Aim Very little is known about the relationship between obsessive–compulsive disorder (OCD) and substance use disorder (SUD). The aim of this study is to compare the co-occurrence of OCD with SUD to the co-occurrence of SUD with other psychiatric disorders in a representative community sample.
Design In order to examine the association of SUD and OCD, logistic regression analyses were used generating odds ratios and 95% confidence intervals for life-time prevalence and 12-month prevalence.
Setting and participants Cross-sectional data were derived from the Netherlands Mental Health Survey and Incidence Study (NEMESIS), a large representative sample of the Dutch population (n = 7076).
Measurements The Composite International Diagnostic Interview (CIDI) 1.1 was used to assess Diagnostic and Statistical Manual of Mental Disorders Axis I criteria for psychiatric disorders.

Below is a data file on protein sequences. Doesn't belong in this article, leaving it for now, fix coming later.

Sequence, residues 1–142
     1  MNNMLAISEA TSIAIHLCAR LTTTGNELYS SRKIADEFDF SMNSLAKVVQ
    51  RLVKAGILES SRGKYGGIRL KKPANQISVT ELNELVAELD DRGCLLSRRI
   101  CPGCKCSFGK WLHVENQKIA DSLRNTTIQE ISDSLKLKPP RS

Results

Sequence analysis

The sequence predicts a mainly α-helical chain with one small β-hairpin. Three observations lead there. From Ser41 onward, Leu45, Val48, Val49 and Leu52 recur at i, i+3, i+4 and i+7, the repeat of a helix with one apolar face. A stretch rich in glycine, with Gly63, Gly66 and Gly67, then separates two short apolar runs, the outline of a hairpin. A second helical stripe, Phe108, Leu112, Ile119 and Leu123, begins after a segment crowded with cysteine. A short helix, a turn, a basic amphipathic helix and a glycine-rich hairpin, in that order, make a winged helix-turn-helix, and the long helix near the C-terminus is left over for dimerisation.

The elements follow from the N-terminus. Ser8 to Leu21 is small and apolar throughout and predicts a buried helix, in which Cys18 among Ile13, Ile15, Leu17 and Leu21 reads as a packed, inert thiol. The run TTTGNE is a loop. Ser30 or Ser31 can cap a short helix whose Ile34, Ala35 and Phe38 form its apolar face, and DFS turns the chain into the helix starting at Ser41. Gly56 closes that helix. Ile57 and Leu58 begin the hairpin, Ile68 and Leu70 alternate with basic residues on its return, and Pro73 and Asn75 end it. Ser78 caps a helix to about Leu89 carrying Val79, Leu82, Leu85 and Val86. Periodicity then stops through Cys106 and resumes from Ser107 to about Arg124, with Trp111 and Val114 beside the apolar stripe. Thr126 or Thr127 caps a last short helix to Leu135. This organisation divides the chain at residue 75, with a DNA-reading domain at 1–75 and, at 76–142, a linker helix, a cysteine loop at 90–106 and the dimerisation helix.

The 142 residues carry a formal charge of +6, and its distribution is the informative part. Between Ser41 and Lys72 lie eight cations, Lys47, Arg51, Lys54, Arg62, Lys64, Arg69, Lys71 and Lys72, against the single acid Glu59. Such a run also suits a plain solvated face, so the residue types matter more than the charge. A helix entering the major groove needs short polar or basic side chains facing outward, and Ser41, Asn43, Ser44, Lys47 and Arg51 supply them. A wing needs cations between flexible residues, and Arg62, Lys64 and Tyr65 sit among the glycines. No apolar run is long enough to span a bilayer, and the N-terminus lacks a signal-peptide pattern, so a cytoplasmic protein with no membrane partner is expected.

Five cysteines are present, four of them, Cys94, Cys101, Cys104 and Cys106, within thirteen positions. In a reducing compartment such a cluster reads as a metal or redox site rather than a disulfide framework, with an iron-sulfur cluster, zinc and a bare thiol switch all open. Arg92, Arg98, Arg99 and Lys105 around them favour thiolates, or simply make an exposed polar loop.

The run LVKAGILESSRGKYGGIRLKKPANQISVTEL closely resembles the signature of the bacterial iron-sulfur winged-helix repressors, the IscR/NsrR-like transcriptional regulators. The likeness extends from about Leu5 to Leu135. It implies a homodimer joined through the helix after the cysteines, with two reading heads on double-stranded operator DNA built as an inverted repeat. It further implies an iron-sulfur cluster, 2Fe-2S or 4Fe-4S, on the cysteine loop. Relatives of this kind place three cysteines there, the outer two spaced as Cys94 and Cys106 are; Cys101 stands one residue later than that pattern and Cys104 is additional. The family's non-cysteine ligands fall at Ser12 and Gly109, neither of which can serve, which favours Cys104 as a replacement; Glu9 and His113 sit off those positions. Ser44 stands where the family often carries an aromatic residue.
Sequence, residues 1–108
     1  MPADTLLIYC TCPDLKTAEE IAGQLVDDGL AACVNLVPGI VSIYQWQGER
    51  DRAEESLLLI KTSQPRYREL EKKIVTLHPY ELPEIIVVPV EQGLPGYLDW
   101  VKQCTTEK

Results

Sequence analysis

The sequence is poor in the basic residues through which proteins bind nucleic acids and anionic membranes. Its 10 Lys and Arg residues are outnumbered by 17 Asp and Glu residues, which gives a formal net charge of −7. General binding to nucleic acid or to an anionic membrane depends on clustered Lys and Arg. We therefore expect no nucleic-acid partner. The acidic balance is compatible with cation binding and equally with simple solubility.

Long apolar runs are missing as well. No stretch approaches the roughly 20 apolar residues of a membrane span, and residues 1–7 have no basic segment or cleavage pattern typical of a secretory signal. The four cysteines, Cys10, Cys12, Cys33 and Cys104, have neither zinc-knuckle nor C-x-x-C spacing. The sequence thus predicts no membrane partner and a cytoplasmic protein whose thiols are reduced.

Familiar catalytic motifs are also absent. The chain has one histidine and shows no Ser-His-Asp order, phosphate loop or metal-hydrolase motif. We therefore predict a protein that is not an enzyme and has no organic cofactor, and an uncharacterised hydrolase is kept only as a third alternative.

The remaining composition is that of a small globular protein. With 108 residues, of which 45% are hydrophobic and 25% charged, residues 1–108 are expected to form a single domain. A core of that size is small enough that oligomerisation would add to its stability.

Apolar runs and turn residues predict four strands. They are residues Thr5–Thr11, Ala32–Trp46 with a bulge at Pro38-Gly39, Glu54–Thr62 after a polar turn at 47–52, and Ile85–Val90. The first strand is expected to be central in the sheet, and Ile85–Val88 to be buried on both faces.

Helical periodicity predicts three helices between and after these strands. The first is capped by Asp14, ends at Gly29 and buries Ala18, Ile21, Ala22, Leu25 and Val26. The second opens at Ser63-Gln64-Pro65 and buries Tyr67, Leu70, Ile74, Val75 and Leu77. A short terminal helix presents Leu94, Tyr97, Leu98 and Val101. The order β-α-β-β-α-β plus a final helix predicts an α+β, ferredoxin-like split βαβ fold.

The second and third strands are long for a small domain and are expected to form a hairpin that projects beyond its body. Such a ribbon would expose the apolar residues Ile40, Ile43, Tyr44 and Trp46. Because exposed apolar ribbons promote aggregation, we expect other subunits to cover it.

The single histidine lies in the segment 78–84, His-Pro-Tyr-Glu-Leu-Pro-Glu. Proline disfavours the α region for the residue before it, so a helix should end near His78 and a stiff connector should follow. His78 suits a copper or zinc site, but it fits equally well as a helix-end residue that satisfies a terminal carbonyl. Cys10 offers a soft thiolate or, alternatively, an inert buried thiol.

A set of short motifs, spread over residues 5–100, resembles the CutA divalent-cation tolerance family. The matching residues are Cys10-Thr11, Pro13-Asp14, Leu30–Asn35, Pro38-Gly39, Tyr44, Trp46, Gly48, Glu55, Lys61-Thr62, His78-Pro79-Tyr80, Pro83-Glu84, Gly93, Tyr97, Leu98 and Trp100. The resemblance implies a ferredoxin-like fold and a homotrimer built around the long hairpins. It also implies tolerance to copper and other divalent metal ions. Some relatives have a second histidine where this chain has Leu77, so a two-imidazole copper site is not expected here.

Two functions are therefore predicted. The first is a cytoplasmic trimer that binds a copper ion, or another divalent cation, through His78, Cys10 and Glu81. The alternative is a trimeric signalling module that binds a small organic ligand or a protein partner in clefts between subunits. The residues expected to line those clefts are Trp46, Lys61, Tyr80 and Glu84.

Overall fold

Findings The life-time and 12-month odds of being diagnosed with SUD in subjects with OCD are significantly higher than the odds of SUD for people without a psychiatric disorder. In men, the co-occurrence of substance dependence and OCD is significantly higher than the co-occurrence of substance dependence and other psychiatric disorders, whereas in women this co-occurrence does not differ significantly.
Conclusions The co-occurrence of substance dependence in obsessive–compulsive disorder is higher than the co-occurrence of substance dependence in other non-obsessive–compulsive disorder DSM disorders, especially in men.